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FAQs about bisphenol
Bisphenol

What is bisphenol A (BPA)?

Bisphenol A (or BPA) is a chemical substance used in the manufacture of polycarbonate plastics and epoxy resins. Polycarbonate plastic can be used for a whole host of products and foodgrade containers (including feeding bottles, medical and dental equipment, dental prostheses, etc). Epoxy resins have been used for over 50 years in the manufacture of lacquers traditionally considered suitable for food contact.

Why discuss this here?

Periodically, BPA comes to public attention. Currently there is much debate on this subject but up till now the scientific community has not yet expressed an official position. There are suspicions that in high concentrations, it could be harmful to human health.

In January 2010 the FDA published a document entitled “Update on Bisphenol A for Use in Food Contact Applications”, which is the latest document we have on the matter. We quote from the document: “FDA also recognizes substantial uncertainties with respect to the overall interpretation of these studies and their potential implications for human health effects of BPA exposure. These uncertainties relate to issues such as the routes of exposure employed, the lack of consistency among some of the measured endpoints or results between studies, the relevance of some animal models to human health, differences in the metabolism (and detoxification) of and responses to BPA both at different ages and in different species, and limited or absent dose response information for some studies.”

FDA has commissioned further studies from specialized agencies to address uncertainties raised by the general public, to support the transition to a more robust regulatory framework for BPA and to provide a rapid response and – if necessary – protect consumers .

What is the position of Weilburger Coatings regarding bisphenol?

Weilburger Coatings strictly abides by national and international standards for BPA use as well as FDA and EFSA regulations, pending the results of further studies and research.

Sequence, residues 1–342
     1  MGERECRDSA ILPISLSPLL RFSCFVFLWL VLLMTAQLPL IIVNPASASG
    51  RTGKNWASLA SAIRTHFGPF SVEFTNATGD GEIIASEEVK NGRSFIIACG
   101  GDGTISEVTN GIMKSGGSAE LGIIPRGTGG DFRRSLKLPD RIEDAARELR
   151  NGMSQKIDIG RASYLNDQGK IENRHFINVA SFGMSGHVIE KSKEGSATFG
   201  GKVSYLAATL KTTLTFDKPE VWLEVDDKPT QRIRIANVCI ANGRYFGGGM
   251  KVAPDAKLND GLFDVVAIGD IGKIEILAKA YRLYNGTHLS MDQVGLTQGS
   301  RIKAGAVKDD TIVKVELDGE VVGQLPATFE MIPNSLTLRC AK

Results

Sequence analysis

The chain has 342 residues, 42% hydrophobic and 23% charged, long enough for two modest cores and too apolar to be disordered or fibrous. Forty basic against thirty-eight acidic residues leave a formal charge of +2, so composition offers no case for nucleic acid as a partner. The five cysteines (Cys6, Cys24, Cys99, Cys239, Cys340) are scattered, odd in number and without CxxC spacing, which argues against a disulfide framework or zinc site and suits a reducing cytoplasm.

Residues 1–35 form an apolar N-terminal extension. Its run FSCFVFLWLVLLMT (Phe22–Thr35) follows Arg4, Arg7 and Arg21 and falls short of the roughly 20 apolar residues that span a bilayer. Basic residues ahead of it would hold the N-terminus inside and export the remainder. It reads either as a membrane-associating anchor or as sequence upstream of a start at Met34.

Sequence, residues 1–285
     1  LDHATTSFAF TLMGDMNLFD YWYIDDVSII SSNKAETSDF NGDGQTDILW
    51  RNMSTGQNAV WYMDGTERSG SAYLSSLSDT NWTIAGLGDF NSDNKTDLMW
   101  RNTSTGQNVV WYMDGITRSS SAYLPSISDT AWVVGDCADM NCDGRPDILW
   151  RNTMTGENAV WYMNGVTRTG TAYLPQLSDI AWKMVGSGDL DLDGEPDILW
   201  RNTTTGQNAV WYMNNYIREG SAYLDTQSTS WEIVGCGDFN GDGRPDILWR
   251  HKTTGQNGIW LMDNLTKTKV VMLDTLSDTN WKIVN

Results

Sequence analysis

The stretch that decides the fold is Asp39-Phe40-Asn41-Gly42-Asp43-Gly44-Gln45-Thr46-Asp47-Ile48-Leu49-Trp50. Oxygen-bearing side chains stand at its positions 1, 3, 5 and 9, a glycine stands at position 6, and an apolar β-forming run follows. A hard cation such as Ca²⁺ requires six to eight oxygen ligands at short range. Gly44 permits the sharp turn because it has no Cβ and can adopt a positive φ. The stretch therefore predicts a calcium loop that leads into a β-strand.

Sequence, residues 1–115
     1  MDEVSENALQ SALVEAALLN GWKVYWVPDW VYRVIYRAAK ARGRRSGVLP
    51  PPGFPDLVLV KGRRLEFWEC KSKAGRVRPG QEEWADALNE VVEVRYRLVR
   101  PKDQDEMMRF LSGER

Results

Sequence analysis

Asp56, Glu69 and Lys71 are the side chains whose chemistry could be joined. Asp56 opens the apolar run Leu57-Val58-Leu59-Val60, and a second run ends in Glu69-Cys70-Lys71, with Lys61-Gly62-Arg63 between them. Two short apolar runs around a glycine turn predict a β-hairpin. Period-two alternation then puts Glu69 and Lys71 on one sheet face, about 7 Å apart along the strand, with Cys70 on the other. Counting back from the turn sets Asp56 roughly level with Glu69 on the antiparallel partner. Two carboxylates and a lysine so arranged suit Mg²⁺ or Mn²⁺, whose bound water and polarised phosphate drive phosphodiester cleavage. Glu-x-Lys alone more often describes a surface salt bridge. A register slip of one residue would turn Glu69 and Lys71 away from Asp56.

BPA has been in use for over 50 years. In the United States alone it is estimated that BPA consumption for the manufacture of food contact materials is around 45,000 tons per year. In itself, this is a significant statistic, which we cannot fail to take into account: to date, no proof exists of potentially adverse effects to human health.

Are there any Bisphenol A free epoxy lacquers on the market?

In theory, it is possible to manufacture BPA-free epoxy-phenol interior coatings for aluminium packaging. However, up till now no manufacturer has succeeded in coming up with a reliable industrial solution for a number of reasons. Epoxy-phenol lacquers are well known for their exceptionally broad spectrum of chemical resistance to both acidic and alkaline products as well as to products containing organic solvents.

In actual fact, polyester-based lacquers combined with BPA-free phenol hardeners are available but their fields of application are very limited.

Furthermore, these lacquers have less chemical resistance, making them more liable to release monomeric and oligomeric substances. This gives rise to further concern regarding the overall migration limits of substances other than bisphenol A; in addition, their effects on the human body are not known as they have never been studied.

Moreover, many packaging manufacturers cannot handle production processes which differ according to the chemical composition of the various products the packaging is designed to contain; specific interaction also takes place between the material contained and the actual packaging. This makes it necessary to use well known and widely tested products of universal validity.

Another hypothetical solution to the problem is to use a so-called polymer purification process. In this case, the lacquers would be obtained from epoxy-phenol polymers with an almost zero BPA content, through a multi-stage process of substance extraction. However, this process is very expensive and would increase the cost of the raw material to up to five times higher than the current one, making it impossible to compete with standard epoxy products.


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